The Indiana University Multiple Sclerosis Center at Indiana University School of Medicine earned designation as a Partner in MS Care–Center for Comprehensive and Coordinated Care from the National Multiple Sclerosis Society. The Multiple Sclerosis/Neuroimmunology Program provides multidisciplinary care for individuals with multiple sclerosis (MS). The Neuroimmunology/MS Program is a “center-without-walls,” which coordinates care from neurologic, nursing, psychological, physical therapy, rehabilitation and urologic perspectives. Clinical care incorporates the use of newer maintenance immunotherapies, including interferon-beta and glatiramer acetate, as well as new symptomatic treatments, such as intrathecal baclofen for spasticity and robotic therapy. The Multiple Sclerosis Research program participates in investigational new drug studies; some trials are single-site studies at IU School of Medicine and others are part of national and international multicenter consortiums.
The Indiana University Neurofibromatosis Clinic is based at Riley Hospital for Children at IU Health. It is the only clinic for comprehensive care of those with neurofibromatosis in the state of Indiana. IU School of Medicine scientists have been leaders in researching the molecular basis of neurofibromatosis and developing new treatment options based on the work. For example, IU School of Medicine investigators discovered that the anti-cancer drug Gleevec could be used as a therapy in neurofibromatosis type 1, making it the first effective treatment for the tumors affecting many NF1 patients.
The Neuro-oncology Program combines the expertise of neurologists, neurosurgeons, and radiation and medical oncologists to explore pre-eminent advances in tumor treatment. This program, focusing on patients with primary and metastatic tumors of the brain and spine, is exceptional in its ability to integrate all aspects of care, including chemotherapy, radiation and surgery.
The Neuropsychology Program provides comprehensive examinations of cognitive impairment in disorders such as stroke, Alzheimer’s disease, head injury and epilepsy. Department scientists conduct research in brain-behavior relationships, using functional neuroimaging to map cortical functions in healthy individuals and in patients with neurological disease. A particular research interest of the program is functional brain imaging of human olfaction.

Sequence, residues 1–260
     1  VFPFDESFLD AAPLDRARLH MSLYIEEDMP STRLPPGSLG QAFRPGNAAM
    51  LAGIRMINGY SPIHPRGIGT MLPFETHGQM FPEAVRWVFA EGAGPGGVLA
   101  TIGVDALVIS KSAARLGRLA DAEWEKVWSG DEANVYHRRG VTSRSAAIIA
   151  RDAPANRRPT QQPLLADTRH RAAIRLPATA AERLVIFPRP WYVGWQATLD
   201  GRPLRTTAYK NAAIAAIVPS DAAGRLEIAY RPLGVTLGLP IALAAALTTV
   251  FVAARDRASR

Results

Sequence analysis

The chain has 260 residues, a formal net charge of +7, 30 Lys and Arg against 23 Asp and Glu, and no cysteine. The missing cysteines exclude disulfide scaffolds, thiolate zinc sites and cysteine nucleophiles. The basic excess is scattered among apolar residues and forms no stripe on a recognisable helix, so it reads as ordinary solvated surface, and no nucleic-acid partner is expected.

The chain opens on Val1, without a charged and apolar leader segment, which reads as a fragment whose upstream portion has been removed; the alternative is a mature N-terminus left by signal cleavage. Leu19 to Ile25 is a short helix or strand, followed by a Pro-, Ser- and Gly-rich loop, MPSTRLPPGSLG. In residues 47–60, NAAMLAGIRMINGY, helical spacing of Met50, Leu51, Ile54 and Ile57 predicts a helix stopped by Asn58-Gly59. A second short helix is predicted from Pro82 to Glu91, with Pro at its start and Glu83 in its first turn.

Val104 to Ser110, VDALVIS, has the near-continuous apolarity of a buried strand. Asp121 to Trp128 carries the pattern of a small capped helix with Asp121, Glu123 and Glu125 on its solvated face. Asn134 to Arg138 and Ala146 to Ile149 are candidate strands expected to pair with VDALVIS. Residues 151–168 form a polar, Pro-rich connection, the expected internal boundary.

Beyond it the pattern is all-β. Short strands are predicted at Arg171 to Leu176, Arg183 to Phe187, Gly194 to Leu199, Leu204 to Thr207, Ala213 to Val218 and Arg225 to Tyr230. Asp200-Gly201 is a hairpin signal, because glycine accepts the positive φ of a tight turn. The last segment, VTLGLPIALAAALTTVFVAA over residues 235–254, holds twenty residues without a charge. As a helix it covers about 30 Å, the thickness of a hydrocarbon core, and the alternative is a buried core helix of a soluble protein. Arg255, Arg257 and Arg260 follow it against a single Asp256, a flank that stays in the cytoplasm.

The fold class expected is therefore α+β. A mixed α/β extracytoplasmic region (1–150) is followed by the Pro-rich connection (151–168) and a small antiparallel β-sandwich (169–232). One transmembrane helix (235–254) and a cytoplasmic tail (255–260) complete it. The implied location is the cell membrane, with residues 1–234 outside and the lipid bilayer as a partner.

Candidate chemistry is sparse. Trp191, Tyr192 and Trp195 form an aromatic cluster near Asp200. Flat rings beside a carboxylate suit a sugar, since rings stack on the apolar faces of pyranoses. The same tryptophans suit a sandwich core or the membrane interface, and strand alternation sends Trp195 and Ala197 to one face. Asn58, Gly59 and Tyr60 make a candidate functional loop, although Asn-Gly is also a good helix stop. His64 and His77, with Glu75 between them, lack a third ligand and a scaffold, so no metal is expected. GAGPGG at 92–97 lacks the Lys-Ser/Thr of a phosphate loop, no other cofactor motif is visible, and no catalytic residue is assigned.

With an interdisciplinary health care team, the Department of Neurology provides comprehensive services for people affected by Parkinson’s disease, including medical evaluation and treatment, social services, and research opportunities. In addition to medical management, this team offers botulinum toxin injections and deep brain stimulation for appropriate patients. Ongoing clinical trials for patients with Parkinson’s disease are being conducted.
Program Director: Laurence E. Walsh, MD
Members of the Pediatric Neurology Program collaborate with others in the Department of Neurology and other Indiana University School of Medicine specialists to manage complex neurologic problems in children. All pediatric neurologists coordinate further management within the child’s home community. Pediatric neurologists provide expert evaluation and management of childhood neurologic disorders, including brain and spinal cord diseases, seizures, strokes, tumors, neuromuscular disorders, sleep disorders, neurodegenerative diseases and other genetic and non-genetic conditions involving the nervous system.
Program Director: James D. Fleck, MD
The stroke program in the IU School of Medicine Department of Neurology brings together neurologists and specialists from many departments dedicated to providing coordinated and best possible care to limit cerebrovascular disease incidence and reduce stroke-related disability in Indiana and beyond through innovations and excellence in education, research and patient care. Stroke program faculty are committed to educate and train future cerebrovascular specialists and to conduct clinical research to discover improved treatments for stroke.